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Discussion Starter · #1 ·
Hello,

We have a two story house. Each story has its own system (HVAC, compressor, thermostat, etc.). In addition, the second story has a fresh-air system. However, the fresh-air system has been turned off for many years now.

Our problem is that there is air coming from outside through some vents on the first story when the AC system is completely shut down. Not all vents experience the problem and we can tell that it is air from the outside because it gets cold in winter / hot in the summer and there is a higher flow of air when it is windy outside. Also, the vents that seem to let the air go in seem to be the ones closest to the AC system inside the house. Everything works ok on the second story.

Many AC technicians have told me that it could be a loose duct in the attic that is letting air come through the vents. Therefore I had someone go up there and check the connections. No leaks or disconnections were found. Other technicians have told me that it could be the fresh-air system. However, the fresh-air system is completely off and it is connected to the second floor, not the first floor.

I can only think of two possible causes:

1) There is a duct either within the wall or within the ceiling of the first floor that is broken and unfortunately is not accessible to review. I hope that this is not the problem since I understand that it would be very hard and expensive to fix.

2) Somehow the fresh-air system may have a valve that it is broken and it is letting air coming in. Eventhough the system is off and it is connected to the second floor, maybe there is a way for air to still come in and go to the first floor.

Please can you give me your thoughts and provide any other possible causes? My family and I would really appreciate all your help.
 

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Hi Austin and welcome to the forum.
How old is the house, that may tell us if a fresh air system was required?
First, all houses need fresh air but excess air can be expensive and uncomfortable. In my energy auditing work (now retired) I would do a blower door test to measure the air exchange and follow with my infrared camera to search for those leaks. I can spot leaks buried inside walls and ceiling by the cold signature they give.

Modern technology has now made infrared cameras less expensive and often available at rental stores. Or you can purchase a home owner grade one at a low price and it will give enough information to guide you.

Once you complete the necessary air sealing a follow up blower door test will tell you if and how much fresh air is needed. No guessing.


Bud
 

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Discussion Starter · #4 ·
Thank you Bud9051 and SPS-1 work your quick replies.

To Bud9051's point, your proposal is a very good one and I will definitely consider it once I have tried other cheaper/faster alternatives. Thank you again for providing all the details.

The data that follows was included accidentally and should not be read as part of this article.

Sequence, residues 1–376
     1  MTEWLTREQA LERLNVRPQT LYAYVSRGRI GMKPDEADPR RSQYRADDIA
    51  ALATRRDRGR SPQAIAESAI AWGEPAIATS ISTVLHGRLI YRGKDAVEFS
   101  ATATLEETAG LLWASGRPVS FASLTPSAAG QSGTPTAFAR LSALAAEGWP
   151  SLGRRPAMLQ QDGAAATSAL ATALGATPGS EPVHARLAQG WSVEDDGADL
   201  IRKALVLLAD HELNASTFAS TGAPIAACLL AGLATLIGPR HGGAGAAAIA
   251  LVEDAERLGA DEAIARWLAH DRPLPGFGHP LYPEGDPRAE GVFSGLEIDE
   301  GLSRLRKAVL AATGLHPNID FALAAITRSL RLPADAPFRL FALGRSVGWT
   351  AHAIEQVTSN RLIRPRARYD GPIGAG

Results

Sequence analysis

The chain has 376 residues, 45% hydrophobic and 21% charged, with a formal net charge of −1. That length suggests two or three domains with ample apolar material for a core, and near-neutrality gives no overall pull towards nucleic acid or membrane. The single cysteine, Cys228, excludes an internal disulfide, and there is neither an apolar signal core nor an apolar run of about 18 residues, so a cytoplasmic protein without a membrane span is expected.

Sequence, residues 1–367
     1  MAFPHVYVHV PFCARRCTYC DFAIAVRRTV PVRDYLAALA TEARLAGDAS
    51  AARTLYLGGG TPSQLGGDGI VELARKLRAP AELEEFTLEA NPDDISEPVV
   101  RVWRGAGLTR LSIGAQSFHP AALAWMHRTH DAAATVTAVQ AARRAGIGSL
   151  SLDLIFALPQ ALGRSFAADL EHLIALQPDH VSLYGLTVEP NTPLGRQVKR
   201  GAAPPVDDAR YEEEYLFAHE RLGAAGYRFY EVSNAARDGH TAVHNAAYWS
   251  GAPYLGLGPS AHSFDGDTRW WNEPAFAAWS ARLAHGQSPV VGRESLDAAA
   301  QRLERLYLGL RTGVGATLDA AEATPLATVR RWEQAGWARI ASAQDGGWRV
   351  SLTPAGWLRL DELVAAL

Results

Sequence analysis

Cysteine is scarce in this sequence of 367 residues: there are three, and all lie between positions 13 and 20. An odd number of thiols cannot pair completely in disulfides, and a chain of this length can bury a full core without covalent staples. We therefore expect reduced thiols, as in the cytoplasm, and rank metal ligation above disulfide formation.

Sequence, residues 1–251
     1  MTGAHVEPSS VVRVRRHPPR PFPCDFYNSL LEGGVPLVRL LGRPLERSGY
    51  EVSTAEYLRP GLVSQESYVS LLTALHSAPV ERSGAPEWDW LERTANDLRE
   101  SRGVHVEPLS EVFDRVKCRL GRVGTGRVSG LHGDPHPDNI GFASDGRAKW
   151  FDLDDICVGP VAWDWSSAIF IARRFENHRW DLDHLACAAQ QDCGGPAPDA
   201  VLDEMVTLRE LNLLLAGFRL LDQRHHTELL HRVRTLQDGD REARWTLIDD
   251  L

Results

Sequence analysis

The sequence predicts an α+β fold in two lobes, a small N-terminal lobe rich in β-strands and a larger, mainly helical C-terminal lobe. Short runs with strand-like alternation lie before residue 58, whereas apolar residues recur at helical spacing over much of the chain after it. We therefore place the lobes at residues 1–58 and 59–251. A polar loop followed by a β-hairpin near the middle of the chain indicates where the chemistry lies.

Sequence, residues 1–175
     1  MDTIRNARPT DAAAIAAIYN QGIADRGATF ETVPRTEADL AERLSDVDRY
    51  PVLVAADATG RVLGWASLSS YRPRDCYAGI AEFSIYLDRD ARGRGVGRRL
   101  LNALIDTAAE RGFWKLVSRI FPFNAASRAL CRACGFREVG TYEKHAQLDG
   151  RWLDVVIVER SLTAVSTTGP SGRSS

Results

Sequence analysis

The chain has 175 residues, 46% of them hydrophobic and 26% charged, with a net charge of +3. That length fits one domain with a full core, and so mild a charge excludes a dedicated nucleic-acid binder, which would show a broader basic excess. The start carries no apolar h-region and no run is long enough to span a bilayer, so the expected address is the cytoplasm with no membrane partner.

To SPS-1's point, these are the models and manufacturers:

1st Floor: Carrier (FX4DNF049)

2nd Floor: Carrier (FX4DNF037)

The fresh-air controller on the second floor is: Aprilaire (8120A).

I am also attaching a picture of the fresh-air controller and how it is currently set.

Is there any more information that I can provide?
 

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Just a note, air leakage in the lower portions of the house tends to be infiltration which when cold is easy to detect. But an equal amount of air must leak out which occurs in the upper areas of the house and air leaking out isn't as noticeable.

The objective of the blower door test is to add sufficient exfiltration exceed the existing air leakage leaving the house which depressurizes the building resulting in all leaks becoming infiltration where the cold air will tell you where the leaks are.

It doesn't take a lot of extra fan power to force all leaks into cold incoming air and often can be achieved with a window fan and existing bath and kitchen fans.

Add in one of the low cost infrared cameras and you will become an expert leak detective and the savings will pay for that camera very quickly.

Bud
 

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Wait a minute. Re-reading your post, the fresh air system is on the second story, your problem is on the first story, and you have separate systems for the first floor and the second floor. Then the fresh air system has nothing to do with it.
 

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Discussion Starter · #8 ·
Thank you for your reply.

My hope was that the fresh-air system on the second floor was broken and somehow affecting the first floor. If that were the case, then it would be a relatively easy fix since I assume the fresh-air system is relatively simple to diagnose.

SPS-1, if I follow your comments on not focusing on the fresh-air system because there is no way that it would affect the first floor, what next step do you recommend? Should I contact a professional to come and check the system? If so, should I ask for an estimate on using the camera to look inside the duct in order to compare that dollar amount vs using the home-grade cameras that Bud was suggesting?